I took a deep breath and forged ahead, hugging the outer edge of the sidewalk farthest from the busy road. With every Nissan and Chevrolet that barreled past, my hair blew back from my face and hot air hugged my legs. I kept my head down and walked briskly, pausing briefly to notice the historic cemetery on my right. I’m pretty sure I would have felt sad (or a little creeped out) if I hadn’t been so focused on finding a peaceful place to continue my walk.

As soon as I got past the cemetery, I saw what I was looking for: an established neighborhood canopied by lush trees and not a moving vehicle in sight. I immediately turned right and walked the shady maze of side streets and cul-de-sacs for an hour. When it was time to return home, I resisted the urge to walk past the cemetery at a quickened pace. Instead I noticed the names and dates of those who lived over a century ago.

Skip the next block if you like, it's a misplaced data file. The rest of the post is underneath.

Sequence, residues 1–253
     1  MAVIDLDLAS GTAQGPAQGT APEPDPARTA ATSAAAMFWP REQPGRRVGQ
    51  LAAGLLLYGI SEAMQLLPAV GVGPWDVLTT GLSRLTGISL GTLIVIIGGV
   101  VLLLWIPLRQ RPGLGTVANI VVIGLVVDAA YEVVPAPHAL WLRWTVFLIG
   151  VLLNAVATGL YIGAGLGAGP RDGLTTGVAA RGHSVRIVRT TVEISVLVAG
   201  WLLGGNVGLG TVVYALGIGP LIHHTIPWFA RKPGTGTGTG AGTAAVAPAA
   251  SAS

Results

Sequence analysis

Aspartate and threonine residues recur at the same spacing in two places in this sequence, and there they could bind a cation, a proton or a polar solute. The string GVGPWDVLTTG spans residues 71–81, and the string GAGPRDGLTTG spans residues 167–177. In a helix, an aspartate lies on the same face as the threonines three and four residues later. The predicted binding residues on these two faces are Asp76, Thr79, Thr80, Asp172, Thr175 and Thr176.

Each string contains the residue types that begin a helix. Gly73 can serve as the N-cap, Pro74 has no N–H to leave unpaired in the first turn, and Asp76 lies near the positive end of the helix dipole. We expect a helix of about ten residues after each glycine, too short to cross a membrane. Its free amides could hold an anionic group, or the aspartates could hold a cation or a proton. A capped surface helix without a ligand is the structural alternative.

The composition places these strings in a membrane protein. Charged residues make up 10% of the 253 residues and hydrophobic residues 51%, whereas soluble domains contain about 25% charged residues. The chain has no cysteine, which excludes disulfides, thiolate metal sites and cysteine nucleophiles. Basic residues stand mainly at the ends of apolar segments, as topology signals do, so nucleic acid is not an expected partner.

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A Live More/Love More Summer: Getting Back to What Matters Most

live more love more 1

Just because summer is here doesn’t mean life’s demands and daily stressors magically disappear. Digital distraction is more than willing to ruin your family picnic. Perfection is ready to sabotage your refreshing dip in the pool. Pressure is ready to pounce from the bleachers of the ball field, and criticism is prepared to blast lane four at the swim meet. Hurry and impatience are fiercely determined to spoil a day at the beach or amusement park. As you know, distraction, perfection, and social pressures don’t take a summer vacation. They manage to weasel their way into our daily lives no matter what season it is. But it doesn’t have to be this way. How does a Live More/Love More Summer sound to you? Let’s use these precious summer months to get back to what matters most. Here’s how I do it (and by the way, this approach works year-round) …